Unlike the California leafy greens industry, which introduced a marketing agreement to avoid legislation and regulations over food safety issues, the Florida tomato industry is asking to be regulated, according to an article in the Palm Beach Post:

But in what could be the first successful move to establish enforceable standards, the Florida tomato-growing industry is asking the state legislature for regulation.

"We want mandatory inspections to bring everybody that handles tomatoes in the state in the loop to comply with food safety," said Tony DiMare, vice president of Homestead-based DiMare companies, one of the state’s largest tomato growers. "We wanted to take a proactive approach and stay ahead of the curve."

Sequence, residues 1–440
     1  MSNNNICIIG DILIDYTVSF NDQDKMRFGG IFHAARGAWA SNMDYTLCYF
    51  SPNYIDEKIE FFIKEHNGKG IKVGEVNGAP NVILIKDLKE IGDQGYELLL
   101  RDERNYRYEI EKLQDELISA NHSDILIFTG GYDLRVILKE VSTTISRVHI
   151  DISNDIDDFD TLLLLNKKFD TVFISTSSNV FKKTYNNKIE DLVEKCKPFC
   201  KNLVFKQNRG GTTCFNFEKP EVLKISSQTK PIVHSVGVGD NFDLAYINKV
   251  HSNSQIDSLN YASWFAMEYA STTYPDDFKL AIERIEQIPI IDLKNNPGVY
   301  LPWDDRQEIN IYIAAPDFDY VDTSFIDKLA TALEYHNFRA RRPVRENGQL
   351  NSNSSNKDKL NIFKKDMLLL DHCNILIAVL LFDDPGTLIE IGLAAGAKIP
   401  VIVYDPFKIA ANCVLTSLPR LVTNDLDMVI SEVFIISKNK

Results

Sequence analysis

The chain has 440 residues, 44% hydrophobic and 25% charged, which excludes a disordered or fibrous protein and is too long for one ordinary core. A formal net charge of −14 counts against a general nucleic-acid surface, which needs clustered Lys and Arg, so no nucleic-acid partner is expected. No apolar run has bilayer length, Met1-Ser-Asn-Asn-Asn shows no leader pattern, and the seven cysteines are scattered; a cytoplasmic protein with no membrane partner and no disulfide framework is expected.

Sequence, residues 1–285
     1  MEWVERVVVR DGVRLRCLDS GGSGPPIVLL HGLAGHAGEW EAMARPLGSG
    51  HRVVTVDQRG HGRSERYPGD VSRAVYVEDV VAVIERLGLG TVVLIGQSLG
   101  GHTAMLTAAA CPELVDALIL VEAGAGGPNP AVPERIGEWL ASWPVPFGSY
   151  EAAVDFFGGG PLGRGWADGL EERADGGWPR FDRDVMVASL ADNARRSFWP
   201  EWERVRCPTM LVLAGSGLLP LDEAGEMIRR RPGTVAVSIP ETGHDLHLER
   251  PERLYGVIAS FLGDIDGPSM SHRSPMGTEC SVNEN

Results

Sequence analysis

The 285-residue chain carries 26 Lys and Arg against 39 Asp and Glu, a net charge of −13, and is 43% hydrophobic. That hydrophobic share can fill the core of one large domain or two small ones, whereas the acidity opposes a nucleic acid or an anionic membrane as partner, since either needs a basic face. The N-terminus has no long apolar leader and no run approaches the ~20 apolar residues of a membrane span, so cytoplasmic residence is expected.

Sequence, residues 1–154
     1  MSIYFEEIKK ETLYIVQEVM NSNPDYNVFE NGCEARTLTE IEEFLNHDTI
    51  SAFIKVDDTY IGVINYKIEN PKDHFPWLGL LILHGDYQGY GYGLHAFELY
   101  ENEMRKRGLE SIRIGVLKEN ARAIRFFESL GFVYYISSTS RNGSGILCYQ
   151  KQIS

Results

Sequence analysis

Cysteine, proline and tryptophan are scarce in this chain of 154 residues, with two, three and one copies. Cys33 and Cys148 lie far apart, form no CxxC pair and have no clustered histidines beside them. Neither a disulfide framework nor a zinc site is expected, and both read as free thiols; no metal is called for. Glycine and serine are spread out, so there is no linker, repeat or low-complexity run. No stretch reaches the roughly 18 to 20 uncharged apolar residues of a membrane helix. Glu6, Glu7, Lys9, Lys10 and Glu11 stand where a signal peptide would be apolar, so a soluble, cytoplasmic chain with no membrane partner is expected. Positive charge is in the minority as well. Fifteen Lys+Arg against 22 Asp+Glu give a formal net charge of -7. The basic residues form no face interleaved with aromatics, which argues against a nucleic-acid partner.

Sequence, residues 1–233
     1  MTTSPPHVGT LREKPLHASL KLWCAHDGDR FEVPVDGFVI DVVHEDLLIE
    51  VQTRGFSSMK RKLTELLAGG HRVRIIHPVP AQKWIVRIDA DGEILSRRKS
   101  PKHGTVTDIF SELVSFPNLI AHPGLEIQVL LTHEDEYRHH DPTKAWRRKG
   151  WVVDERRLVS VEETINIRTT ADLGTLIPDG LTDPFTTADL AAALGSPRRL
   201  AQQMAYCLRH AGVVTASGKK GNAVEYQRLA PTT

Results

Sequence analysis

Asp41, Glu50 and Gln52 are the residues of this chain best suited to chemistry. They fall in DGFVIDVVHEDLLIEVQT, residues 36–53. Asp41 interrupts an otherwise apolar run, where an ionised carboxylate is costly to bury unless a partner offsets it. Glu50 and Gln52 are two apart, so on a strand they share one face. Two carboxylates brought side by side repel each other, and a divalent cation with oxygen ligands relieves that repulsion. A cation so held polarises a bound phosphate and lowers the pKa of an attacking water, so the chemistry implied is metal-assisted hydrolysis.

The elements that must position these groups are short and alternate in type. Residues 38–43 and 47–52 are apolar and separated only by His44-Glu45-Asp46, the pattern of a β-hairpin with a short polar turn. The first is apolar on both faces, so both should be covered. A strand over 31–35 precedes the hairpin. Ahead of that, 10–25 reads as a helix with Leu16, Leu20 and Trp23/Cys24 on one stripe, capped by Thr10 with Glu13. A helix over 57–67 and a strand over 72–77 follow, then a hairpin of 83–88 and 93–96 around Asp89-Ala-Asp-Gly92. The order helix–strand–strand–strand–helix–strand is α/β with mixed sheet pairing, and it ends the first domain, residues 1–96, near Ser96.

A bill in the legislature backed by growers would require food-safety inspections of all tomato fields, greenhouses and packinghouses. They hope the bill becomes law and takes effect before the fall planting season.

"We wanted to ensure tomatoes are being handled in the most efficient food-safety program we know how to build," said Reggie Brown, manager of the Mait-land-based Florida Tomato Committee and executive vice president of the Florida Tomato Exchange. "We don’t have a choice but to step forward."